The Nuns on the Bus appear not to have made the journey, but these ladies did.  I even see where board member Sally Montenegro posted some comments over at Father Z's place.  You can visit their website  if you'd like here.  I've had some people question me about whether this group stands for anything that contradicts Catholic teaching on birth control, etc. FFL believes birth control including natural family planning is outside the scope of their mission and take no official stand.  Thus, they take a lot of heat from the other side because they don't advocate making birth control more accessible to women.

FFL is a consistently pro-life organization.  They oppose abortion after rape, euthanasia and suicide.  I recommend going to the FAQ page.  You might be surprised at some of the feminists from American history who spoke out against abortion long before Roe v Wade.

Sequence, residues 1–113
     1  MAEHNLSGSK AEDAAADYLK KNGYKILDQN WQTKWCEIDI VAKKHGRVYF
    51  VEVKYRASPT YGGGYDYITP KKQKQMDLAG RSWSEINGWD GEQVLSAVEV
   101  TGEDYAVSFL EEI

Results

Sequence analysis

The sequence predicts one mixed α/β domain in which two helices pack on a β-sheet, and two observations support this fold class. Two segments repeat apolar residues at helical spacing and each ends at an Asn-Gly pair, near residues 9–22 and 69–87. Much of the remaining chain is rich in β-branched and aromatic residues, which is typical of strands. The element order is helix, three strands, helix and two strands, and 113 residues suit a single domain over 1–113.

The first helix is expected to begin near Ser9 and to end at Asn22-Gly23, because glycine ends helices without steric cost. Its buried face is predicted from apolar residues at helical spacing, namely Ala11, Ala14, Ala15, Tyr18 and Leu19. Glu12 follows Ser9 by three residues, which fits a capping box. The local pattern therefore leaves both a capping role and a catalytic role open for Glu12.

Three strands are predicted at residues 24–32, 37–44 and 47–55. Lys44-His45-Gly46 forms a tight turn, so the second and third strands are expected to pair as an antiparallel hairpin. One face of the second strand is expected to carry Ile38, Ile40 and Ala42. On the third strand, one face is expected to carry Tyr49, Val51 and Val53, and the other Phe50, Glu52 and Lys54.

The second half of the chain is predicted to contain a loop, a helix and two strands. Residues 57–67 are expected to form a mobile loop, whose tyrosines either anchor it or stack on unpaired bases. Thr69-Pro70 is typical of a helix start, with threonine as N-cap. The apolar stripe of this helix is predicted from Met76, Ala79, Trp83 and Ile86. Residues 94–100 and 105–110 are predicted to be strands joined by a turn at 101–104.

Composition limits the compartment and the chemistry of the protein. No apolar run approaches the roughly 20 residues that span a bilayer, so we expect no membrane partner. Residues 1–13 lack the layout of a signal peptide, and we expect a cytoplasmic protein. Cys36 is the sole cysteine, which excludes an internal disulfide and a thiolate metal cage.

Here are some photos from the March yesterday.

FFL VP Sally Winn hands out hand and foot warmers to a pro-life family at the March

Real Men stand up for life

FFL ran out of placards before the March began!

This pleasant young lady was lucky to get a placard before the supply ran out

A Must-Read From Vultus Christi

Dom Mark Daniel Kirby, Conventual Prior of Silverstream Abbey in Ireland, is the best priest blogger.  Every post is like an unforgettable sermon rich with spiritual treasure.  Here, he presents an excellent lesson on judging our brethren and the sinful delight we take in the fall of others from grace.

Last week, the priest reminded us that judging another person's soul is for God and God only.  We are permitted and in charity, sometimes obligated to judge someone's actions, but never their soul.
Sitting on he basket

He Is Out Of His Mind

I confess to doing a double-take when I heard today's Gospel.  Normally, I do not read the Gospel from my Magnificat while the priest proclaims it from the pulpit, but given the priest and my level of  surprise, I found myself quickly thumbing through my little missal just to make sure no liberties were being taken.  None were.  This really was the Gospel from Mark (3:21)